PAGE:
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South After the Civil War

Our country was growing–growing fast. In spite of the war, where so many were killed, the census of 1870 showed that there were about thirty–nine million inhabitants in our country, and that wealth had increased as fast as the people. Railways and steamboats greatly helped commerce, and since the weather signal service was established, in… Read More

Uncle Tom’s Cabin

When the government was formed, slave property was recognized in the Constitution, and each state was left free to do as it chose about keeping slaves. But since then ideas had been changing. The appearance of slave catchers in the North, and the publication of a novel called “Uncle Tom's Cabin——of which many thousands of… Read More

Gettysburg

Burnside, having failed to win a victory at Fredericksburg, was now removed in his turn, and the command of the Union army given to General Joseph Hooker, whom the soldiers called “Fighting Joe.” But at Chancellorsville (1863) Hooker was stunned by a cannon ball, and as his army was thus left during several hours without… Read More

Slavery and the Civil War

The Southerners were ready to fight the North; and while most of the white men fought in the army, their plantations were worked by their slaves, who thus supplied them with the food they needed. Hearing that war had broken out, a few Negroes came into the American lines, asking to be set free. But… Read More

Arbitration Between Britain and America

Two questions arose with Great Britain while Ulysses S. Grant was President, which might have made trouble. But, instead of fighting, some of the best statesmen of both countries made a treaty at Washington (1871), saying that the difficulties should be decided by arbitration. Aboard of distinguished men, therefore, met at Geneva, in Switzerland, to… Read More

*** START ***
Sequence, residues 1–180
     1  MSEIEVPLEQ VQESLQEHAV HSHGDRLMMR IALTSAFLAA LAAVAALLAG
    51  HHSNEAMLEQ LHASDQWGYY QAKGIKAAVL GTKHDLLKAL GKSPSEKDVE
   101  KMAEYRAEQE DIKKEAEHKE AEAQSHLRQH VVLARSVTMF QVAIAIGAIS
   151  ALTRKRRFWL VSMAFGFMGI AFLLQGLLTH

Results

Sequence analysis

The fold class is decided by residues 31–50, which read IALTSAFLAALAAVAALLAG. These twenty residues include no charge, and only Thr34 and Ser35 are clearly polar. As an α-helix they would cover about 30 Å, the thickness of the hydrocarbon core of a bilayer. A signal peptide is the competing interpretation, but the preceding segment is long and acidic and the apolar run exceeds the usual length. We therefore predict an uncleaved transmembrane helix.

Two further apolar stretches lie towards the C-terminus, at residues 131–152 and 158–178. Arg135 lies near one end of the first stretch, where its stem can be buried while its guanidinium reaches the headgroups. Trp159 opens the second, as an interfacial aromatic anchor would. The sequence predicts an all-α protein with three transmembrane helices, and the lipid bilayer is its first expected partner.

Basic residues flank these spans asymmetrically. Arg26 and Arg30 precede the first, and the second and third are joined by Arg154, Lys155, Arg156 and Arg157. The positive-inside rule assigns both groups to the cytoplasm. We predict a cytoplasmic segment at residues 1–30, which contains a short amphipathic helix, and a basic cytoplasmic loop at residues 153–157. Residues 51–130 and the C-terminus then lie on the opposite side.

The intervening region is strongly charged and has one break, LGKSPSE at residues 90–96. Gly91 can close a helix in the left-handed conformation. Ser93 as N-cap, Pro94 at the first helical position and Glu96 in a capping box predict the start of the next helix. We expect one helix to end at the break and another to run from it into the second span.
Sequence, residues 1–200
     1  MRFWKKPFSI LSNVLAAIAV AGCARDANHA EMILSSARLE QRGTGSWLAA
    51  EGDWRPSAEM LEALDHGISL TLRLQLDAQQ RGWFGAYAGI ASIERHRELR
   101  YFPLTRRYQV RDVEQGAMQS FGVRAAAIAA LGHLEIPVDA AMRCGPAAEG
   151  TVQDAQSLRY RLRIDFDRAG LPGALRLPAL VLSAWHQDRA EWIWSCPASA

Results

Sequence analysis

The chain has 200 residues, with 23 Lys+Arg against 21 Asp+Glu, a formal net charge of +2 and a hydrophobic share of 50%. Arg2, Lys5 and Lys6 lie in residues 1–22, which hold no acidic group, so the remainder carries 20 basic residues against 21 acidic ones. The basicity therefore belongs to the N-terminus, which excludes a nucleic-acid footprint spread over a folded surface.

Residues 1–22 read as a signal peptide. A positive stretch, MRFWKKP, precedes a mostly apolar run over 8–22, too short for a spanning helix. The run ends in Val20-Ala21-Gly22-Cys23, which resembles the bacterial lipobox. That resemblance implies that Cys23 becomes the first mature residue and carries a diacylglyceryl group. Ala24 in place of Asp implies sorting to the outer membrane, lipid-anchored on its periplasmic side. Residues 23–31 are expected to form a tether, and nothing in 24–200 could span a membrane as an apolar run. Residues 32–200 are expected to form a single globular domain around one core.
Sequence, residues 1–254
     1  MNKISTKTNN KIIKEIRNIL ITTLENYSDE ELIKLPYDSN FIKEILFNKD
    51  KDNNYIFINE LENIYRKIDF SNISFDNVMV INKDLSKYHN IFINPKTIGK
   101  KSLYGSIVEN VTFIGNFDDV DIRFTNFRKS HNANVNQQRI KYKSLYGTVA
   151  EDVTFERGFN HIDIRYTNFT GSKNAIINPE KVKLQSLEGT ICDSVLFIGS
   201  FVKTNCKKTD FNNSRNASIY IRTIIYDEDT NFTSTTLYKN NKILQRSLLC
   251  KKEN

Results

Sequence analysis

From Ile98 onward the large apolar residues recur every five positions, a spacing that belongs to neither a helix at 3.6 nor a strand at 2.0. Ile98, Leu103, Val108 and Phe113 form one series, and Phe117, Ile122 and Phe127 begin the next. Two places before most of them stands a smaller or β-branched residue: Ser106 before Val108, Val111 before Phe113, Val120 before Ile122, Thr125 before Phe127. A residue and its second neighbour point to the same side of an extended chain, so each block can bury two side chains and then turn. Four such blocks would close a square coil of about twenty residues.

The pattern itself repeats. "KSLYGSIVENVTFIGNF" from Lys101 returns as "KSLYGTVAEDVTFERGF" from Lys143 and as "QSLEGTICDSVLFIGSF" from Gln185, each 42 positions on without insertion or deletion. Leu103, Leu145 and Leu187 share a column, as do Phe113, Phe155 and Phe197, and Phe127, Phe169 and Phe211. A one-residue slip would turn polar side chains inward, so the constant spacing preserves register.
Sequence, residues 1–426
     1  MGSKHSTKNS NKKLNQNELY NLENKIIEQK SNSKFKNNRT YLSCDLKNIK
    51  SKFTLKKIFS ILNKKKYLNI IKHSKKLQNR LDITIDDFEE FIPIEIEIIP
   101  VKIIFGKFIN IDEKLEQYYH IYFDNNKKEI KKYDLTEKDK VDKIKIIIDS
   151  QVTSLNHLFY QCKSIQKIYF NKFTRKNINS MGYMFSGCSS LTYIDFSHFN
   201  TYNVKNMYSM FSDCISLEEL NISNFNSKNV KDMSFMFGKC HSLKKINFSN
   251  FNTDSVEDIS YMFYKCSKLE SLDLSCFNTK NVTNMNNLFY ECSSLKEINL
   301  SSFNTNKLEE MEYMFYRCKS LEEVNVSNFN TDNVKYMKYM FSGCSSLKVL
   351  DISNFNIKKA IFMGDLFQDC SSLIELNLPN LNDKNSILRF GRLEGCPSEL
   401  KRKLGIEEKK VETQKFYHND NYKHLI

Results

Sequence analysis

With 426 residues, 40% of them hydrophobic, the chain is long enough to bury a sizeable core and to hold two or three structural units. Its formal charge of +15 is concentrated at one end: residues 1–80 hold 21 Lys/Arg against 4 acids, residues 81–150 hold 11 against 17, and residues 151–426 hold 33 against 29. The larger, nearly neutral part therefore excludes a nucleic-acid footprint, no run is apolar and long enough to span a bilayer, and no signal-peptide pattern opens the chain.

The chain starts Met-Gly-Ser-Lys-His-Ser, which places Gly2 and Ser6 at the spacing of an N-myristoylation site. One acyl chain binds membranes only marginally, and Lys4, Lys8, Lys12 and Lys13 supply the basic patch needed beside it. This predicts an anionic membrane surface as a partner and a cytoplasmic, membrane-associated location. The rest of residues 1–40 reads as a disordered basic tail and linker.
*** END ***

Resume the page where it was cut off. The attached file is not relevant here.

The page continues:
The Monitor And The Merrimac

At the very beginning of the war, the Confederates seized the Norfolk navy yard and the big ship Merrimac. For some time past there had been rumors afloat that they were changing this vessel into an ironclad, so strong that no cannon balls could harm it. This was quite true, and the Confederates relied upon… Read More

Great Britain Signs Treaty With Colonies

The mother country—also known as Britannia, or Great Britain—wanted to keep the American colonies under her harsh rule, and when they revolted, she took up arms to force them back into a state of blind obedience. It was these thirteen revolted colonies which, banded together, decided to form the new and independent nation which in… Read More

George Washington

As soon as the election was over, the news was carried by a horseman to Mount Vernon, where Washington was busy farming. Although several attempts had been made to reward him for his services, he had steadily refused all pay. When the state of Virginia wished to honor its greatest citizen, it made him a… Read More

James Polk

Just before Tyler finished his four years' term, therefore, Congress decided to admit Texas (1845); but as a dispute soon arose about its southern boundary, the eleventh President, James K. Polk, found himself with a war on his hands. Many good Americans say that Texas had no right to claim the land between the Nueces… Read More

Cotton Gin and Slavery

One day, in 1793, some planters remarked in Mrs. Greene's presence that if a machine could only be invented which would separate cotton from its seeds, the Georgians would soon be rich. The lady promptly answered that if the machine could be made, she was sure Mr. Whitney was the man to do it, for… Read More